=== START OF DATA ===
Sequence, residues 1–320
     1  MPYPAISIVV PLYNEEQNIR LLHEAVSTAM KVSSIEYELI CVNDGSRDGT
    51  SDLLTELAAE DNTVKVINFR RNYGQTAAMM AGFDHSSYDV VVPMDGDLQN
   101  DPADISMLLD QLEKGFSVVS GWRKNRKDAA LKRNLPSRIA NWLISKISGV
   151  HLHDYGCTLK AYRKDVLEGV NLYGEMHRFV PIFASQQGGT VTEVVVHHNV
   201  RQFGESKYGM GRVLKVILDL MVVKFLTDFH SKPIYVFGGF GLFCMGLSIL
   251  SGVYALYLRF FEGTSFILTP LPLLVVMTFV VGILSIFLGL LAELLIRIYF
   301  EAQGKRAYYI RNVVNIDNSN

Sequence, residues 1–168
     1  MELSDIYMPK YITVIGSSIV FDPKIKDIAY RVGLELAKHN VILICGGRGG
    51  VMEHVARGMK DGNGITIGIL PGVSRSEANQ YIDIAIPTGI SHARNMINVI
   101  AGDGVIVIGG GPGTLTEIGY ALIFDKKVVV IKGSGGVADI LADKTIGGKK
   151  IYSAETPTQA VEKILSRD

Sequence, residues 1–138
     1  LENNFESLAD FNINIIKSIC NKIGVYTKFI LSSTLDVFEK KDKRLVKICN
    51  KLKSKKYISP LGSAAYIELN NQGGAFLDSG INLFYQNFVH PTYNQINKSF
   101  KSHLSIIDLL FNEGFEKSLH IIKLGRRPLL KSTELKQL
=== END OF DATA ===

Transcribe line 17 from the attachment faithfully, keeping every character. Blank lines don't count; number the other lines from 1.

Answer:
   101  KSHLSIIDLL FNEGFEKSLH IIKLGRRPLL KSTELKQL